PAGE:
Diet affects dental health too!!
Is your New year’s resolution to lose weight? Diet affects dental health too!
Nutrition influences the integrity and function of the dentition and supporting oral
structures and has a direct effect on health in general. What you eat and how often you eat
plays an essential role in attaining and maintaining a healthy smile. Because many foods and
beverages, mainly those high in added sugar, can set the caries process in motion.
Frequent snacking or sipping on sugar-containing beverages such as soda, juices,
sports drinks (even flavored waters). These create an environment for decay because it
exposes your teeth repeatedly to acid attacks.
Having a balanced diet is vital to maintain your overall health. Such as fiber-rich fruits
and vegetables are good for healthy teeth, and dairy products are a must-have for healthy
The United States Department of Agriculture (USDA) recommends that you select a mix
of foods from the following groups, which includes:
- A variety of vegetables from all of the subgroups— dark green, red and orange,
legumes (beans and peas), starchy, and other
- Fruits, especially whole fruits
- Grains, at least half of which are whole grains
- Fat-free or low-fat dairy, including milk, yogurt, cheese, and fortified soy
- A variety of protein foods, including seafood, lean meats and poultry, eggs,
- legumes (beans and peas), nuts, seeds, and soy products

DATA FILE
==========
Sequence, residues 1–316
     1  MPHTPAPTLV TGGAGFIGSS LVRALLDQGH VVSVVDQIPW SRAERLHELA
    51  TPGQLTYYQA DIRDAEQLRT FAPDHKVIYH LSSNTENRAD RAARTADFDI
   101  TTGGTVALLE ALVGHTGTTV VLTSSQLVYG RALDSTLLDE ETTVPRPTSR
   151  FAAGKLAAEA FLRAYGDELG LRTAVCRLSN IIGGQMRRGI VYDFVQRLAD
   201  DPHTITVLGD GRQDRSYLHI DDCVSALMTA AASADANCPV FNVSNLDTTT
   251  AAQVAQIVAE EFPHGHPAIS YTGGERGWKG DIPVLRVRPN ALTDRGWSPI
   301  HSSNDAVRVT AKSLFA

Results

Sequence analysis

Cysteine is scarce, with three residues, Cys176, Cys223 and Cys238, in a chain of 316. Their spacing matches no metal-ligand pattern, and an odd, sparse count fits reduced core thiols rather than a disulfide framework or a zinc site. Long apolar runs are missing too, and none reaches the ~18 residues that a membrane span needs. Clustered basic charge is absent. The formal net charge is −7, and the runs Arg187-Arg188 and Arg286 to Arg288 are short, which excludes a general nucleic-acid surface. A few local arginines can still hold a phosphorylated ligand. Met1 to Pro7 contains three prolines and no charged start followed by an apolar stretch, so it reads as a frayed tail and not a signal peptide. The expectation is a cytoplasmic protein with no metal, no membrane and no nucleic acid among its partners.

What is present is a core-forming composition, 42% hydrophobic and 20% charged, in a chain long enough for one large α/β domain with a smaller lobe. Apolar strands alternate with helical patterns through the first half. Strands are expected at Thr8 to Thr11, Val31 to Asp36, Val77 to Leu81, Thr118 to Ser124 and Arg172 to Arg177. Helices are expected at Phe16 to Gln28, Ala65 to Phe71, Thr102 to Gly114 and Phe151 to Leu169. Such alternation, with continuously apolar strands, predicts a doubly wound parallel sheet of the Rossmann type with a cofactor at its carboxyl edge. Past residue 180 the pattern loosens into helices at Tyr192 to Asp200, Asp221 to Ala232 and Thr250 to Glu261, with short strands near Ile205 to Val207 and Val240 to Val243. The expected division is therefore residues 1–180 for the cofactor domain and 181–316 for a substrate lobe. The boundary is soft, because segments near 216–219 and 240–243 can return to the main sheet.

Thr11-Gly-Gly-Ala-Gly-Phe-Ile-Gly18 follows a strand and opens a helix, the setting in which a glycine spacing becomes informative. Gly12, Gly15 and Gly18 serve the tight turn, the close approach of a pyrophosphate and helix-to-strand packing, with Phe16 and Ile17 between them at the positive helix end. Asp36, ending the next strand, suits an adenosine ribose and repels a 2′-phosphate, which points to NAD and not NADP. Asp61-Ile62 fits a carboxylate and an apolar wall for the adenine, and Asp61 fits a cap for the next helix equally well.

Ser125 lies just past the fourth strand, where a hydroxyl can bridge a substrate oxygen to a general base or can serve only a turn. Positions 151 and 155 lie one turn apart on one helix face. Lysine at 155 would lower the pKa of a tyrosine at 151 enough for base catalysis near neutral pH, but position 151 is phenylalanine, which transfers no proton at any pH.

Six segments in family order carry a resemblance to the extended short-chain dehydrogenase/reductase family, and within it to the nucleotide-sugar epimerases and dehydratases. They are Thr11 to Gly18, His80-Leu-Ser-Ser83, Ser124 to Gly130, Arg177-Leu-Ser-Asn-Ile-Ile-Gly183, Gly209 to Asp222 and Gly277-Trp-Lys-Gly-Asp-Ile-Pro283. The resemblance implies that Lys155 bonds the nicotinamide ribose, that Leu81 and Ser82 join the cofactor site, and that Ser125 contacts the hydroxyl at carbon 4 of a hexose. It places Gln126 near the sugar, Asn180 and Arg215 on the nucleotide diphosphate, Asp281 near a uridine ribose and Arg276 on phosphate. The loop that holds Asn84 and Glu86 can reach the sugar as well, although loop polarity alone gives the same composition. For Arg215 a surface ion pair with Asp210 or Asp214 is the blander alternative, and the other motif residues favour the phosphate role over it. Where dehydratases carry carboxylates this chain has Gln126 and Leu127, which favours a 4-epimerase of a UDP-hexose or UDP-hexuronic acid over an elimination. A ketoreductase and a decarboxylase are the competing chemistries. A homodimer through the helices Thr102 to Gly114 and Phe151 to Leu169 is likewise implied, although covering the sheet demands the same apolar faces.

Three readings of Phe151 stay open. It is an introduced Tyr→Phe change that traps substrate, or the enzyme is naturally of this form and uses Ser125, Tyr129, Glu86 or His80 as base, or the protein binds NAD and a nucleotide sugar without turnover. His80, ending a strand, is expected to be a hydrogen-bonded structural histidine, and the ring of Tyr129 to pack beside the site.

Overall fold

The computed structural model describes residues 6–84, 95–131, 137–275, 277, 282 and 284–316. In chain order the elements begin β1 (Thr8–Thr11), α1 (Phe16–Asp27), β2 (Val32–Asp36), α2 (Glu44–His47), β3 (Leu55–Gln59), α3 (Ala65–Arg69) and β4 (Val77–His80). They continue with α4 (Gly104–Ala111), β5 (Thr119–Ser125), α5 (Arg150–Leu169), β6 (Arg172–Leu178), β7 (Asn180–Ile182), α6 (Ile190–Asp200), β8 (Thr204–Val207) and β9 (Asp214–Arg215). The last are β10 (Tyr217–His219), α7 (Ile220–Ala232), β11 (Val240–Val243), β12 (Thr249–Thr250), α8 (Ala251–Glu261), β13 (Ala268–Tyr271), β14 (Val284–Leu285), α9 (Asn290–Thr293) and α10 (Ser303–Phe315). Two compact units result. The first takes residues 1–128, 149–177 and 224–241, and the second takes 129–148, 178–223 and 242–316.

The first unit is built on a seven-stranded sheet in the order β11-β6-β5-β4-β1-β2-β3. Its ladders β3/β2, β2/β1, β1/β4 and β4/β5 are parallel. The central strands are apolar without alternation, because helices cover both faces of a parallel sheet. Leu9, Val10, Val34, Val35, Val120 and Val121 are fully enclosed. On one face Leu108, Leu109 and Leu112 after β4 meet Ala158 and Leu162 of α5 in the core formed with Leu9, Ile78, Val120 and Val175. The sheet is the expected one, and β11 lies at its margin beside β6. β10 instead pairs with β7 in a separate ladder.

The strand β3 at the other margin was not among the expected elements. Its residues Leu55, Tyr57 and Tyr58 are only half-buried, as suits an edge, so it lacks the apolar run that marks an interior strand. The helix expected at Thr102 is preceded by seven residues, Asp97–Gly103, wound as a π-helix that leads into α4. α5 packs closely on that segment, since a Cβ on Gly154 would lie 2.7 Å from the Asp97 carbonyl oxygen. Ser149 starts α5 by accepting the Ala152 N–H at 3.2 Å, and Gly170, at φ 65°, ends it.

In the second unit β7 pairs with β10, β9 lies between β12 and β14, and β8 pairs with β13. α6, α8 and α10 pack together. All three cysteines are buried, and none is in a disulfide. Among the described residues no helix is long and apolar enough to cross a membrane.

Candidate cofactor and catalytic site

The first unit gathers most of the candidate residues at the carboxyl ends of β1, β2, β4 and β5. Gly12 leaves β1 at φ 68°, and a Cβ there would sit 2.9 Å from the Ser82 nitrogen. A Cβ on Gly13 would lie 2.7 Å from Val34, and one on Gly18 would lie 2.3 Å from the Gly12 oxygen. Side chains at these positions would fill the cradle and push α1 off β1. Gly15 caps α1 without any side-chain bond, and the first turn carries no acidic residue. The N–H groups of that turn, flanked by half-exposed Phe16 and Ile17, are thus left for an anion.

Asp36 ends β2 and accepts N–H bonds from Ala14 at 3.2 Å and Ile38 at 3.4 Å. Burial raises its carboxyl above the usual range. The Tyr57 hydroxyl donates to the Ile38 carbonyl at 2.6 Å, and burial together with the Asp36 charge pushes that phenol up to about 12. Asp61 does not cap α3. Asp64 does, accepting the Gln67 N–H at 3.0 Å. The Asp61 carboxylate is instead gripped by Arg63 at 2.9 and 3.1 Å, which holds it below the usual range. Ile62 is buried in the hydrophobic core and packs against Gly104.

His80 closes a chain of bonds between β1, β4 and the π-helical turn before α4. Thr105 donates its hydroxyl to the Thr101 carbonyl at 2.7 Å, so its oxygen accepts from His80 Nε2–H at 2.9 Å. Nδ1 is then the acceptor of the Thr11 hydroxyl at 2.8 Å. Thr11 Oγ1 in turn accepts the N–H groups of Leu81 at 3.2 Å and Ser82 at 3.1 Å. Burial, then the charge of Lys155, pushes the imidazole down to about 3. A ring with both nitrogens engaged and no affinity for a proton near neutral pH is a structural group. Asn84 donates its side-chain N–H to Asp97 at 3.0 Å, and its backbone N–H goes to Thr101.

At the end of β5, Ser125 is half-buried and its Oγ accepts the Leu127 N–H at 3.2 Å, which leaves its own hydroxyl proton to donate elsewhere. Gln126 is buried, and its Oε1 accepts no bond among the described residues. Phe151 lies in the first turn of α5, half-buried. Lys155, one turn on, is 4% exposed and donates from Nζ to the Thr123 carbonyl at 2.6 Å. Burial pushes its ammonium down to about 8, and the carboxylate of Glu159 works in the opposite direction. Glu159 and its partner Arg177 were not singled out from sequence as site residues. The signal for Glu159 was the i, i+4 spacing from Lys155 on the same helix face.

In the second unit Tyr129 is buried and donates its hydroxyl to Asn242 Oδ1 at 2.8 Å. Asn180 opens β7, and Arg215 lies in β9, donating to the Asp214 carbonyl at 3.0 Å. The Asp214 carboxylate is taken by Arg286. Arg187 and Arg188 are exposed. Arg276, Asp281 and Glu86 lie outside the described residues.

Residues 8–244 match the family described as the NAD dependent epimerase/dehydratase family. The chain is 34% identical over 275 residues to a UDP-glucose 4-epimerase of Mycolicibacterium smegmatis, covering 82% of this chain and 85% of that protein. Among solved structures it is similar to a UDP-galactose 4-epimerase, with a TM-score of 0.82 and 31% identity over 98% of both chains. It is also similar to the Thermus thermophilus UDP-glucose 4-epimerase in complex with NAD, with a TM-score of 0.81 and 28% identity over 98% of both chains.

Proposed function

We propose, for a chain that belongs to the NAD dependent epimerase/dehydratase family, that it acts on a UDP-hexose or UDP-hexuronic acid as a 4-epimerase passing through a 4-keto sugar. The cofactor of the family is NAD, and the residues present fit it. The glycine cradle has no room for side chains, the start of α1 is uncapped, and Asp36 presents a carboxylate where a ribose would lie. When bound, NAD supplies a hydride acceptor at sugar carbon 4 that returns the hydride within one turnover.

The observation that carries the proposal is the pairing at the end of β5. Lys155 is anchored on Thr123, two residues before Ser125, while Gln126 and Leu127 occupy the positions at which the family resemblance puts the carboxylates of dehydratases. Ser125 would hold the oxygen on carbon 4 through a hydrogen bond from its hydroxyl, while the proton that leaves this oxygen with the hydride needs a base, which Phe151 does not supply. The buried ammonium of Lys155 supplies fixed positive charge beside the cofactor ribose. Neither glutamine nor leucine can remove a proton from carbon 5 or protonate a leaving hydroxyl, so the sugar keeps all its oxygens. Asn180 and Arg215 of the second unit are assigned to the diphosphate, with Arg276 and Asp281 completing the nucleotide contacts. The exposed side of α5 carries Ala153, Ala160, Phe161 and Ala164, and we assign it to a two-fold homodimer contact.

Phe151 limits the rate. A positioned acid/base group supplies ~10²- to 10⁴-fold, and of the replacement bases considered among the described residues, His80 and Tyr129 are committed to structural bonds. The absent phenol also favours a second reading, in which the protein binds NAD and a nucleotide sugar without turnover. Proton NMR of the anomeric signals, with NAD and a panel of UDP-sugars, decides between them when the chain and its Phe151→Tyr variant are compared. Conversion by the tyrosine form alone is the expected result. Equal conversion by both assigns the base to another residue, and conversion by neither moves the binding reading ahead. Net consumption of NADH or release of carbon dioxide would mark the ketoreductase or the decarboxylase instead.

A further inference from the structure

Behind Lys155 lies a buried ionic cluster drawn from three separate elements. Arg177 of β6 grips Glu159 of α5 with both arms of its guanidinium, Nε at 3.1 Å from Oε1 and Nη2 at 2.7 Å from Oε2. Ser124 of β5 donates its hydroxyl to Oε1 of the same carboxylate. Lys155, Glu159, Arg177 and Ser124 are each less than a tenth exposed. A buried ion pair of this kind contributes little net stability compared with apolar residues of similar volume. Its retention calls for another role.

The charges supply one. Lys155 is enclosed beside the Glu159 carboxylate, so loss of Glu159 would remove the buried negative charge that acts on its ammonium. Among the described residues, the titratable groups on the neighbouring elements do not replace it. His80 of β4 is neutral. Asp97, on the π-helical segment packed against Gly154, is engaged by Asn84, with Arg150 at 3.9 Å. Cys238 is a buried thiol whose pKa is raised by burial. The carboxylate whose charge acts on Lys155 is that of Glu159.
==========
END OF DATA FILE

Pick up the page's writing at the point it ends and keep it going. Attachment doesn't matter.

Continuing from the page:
- Consume fewer than 10% of calories per day from added sugars
- If you consume alcohol, consume it in moderation—up to 1 drink per day for women and up to 2 drinks per day for men—and only if you are an adult of legal
Chewing high fiber foods like apples or nuts helps the mouth to produce saliva. These
will keep the food particles off from your teeth and will fight the bacteria that cause tooth
decay. Dairy products help improve oral health and also reduce the risk of developing
periodontal diseases or gum diseases, which are the primary cause of tooth loss in adults.
Also, dairy products are rich in calcium, and cheeses are useful in suppressing caries
production since they stimulate alkaline saliva, which reduces plaque bacteria.
Also, according to the American Dental Association, since milk and other dairy products
such as cheese and yogurt are low sugar, they benefit your dental health. Plus, they contain
protein and calcium, which is good for healthy teeth and gums.
Another tip from the ADA? Chewing sugarless gum for 20 minutes after eating can
reduce your risk of cavities.
You can learn more about the USDA recommendations and find suggestions for
developing a healthy lifestyle on its Web site. The ADA’s Website offers a wealth of information
about healthy smiles and dental care. Visit the ADA at “www.ada.org.”